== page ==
"Our first house was a semi-derelict cottage in Dorset which cost pounds 7,500," remembers Gwyneth. This was the most that she and husband John could afford on their joint teachers' incomes, despite their deposit of pounds 2,500. At the time, the criteria for getting a mortgage depended on the property having hot and cold running water which, happily, it did: "Along with fearful damp, rotting windows, sagging roof and a bathroom like the Black Hole..."
All of the couple's spare time and money went into transforming the cottage, but five years and two small boys later, they were rewarded when it fetched pounds 27,000, enabling them to move to Sussex. This time they bought an Edwardian three-bedroomed village semi which also needed work: "It had been rented out for 40 years to three old ladies, the last of whom had left a year before, aged 90."
Gwyneth describes the house in loving detail: "It had no bathroom or heating, a lonesome butler sink in the kitchen, an ancient bench-style loo and 40-year-old decor." Again they set to transforming the property into a home and, another five years, much hard work and a baby girl later, they sold for pounds 50,000.
In 1985 the Oakshotts moved to Hampshire where they bought a detached, four-bedroomed house for pounds 69,000. This purchase was different to their last two in that it did not require major refurbishment but still had potential for improvement: "It was tatty," Gwyneth recalls, and the changes involved moving doors and partition walls, adding a shower room and enlarging the fourth bedroom.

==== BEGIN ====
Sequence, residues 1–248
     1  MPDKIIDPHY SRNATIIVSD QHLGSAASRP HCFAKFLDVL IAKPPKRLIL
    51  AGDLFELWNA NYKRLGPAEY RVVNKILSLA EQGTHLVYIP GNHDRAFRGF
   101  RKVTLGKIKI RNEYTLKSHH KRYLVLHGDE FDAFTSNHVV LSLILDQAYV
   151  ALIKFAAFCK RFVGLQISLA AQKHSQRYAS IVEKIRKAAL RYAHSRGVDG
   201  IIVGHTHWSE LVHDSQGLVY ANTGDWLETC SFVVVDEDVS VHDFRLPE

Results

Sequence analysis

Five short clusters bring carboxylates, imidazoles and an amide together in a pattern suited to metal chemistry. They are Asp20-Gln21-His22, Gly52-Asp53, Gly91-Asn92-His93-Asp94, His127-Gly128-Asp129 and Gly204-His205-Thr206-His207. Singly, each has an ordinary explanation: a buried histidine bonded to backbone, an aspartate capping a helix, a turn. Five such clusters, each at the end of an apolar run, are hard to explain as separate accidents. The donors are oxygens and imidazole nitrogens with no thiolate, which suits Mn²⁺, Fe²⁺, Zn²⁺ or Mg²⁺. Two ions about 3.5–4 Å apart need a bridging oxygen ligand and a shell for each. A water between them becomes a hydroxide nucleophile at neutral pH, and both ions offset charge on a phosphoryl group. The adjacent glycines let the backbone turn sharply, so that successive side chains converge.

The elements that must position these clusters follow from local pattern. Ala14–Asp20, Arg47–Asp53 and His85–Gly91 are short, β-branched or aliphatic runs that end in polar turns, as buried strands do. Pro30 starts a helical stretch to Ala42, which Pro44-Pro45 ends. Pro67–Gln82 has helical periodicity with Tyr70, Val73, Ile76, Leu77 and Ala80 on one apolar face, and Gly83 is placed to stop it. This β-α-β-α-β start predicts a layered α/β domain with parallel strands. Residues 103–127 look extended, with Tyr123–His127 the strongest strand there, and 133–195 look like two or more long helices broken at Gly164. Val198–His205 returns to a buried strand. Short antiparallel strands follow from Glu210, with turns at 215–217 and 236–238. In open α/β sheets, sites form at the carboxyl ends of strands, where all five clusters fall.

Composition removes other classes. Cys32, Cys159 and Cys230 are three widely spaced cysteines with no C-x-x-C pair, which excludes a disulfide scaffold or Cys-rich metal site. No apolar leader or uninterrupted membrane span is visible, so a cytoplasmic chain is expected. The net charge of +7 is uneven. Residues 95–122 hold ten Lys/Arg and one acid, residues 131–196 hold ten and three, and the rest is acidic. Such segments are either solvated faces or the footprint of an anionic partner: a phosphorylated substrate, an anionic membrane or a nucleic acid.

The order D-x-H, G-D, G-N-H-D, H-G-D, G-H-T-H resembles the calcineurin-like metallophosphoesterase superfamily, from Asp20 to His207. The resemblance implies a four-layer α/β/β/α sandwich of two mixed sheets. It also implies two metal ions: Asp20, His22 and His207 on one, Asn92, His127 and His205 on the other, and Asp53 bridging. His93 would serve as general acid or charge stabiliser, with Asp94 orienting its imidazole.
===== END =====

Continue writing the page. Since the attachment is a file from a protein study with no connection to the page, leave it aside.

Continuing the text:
The improvements led to the creation of a perfect family house: "The end result was a home which I would gladly have taken to any part of the country with us." They lived here for 13 years and only the children leaving home prompted what Gwyneth describes as "what may or may not be our final move".
The Oakshotts decided to "downsize to three bedrooms" and in September 1998 they sold their Hampshire home for pounds 165,000, and for pounds 145,000 bought a "modern Swedish-style house in idyllic surroundings" in Suffolk.
Gwyneth feels that they have been fortunate in their moves: "While fluctuating interest rates have at times creased us, we have not been caught by tumbling prices." She attributes their gradual improved standing in the property market to "years of hard work and no holidays" but over the years has often asked this question: "Would things have been the same if, back in 1974, we could have afforded that end-of-terrace estate house at pounds 10,500?"
Those moves in brief:
1974 - bought Dorset cottage for pounds 7,500, sold for pounds 27,000.
1980 - bought Sussex semi for pounds 31,000, sold for pounds 50,000.
1985 - bought Hampshire detached house for pounds 69,000, sold for pounds 165,000.
1998 - bought modern Suffolk three-bedroomed house for pounds 145,000, now worth pounds 165,000.
If you would like your moves to be featured, write to: Nic Cicutti, Stepping Stones, One Canada Square, London E14 5DL. The best story printed up to 31 March will win pounds 100Reuse content